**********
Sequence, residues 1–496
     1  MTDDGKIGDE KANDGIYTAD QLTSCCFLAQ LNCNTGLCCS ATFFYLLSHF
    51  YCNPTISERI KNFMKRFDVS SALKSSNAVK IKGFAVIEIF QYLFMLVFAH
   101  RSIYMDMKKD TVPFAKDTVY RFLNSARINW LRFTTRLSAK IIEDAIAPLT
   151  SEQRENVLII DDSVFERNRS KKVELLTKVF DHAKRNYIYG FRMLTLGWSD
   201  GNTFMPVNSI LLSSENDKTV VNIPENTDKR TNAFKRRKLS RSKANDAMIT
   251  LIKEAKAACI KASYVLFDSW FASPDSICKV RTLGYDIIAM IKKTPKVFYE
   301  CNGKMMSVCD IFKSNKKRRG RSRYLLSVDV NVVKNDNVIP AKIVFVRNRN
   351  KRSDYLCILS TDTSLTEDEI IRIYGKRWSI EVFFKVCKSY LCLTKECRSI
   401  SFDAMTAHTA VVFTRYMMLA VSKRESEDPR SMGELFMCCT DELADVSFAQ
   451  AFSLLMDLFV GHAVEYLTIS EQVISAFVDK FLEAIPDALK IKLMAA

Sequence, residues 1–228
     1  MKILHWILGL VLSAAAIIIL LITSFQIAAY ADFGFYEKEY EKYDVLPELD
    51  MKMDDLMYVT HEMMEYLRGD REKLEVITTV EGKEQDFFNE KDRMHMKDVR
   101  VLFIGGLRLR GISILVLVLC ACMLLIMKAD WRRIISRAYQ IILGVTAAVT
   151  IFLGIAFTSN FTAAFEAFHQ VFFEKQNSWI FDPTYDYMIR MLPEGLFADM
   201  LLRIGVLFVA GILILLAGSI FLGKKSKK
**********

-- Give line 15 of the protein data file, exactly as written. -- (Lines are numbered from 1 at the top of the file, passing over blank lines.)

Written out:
   101  VLFIGGLRLR GISILVLVLC ACMLLIMKAD WRRIISRAYQ IILGVTAAVT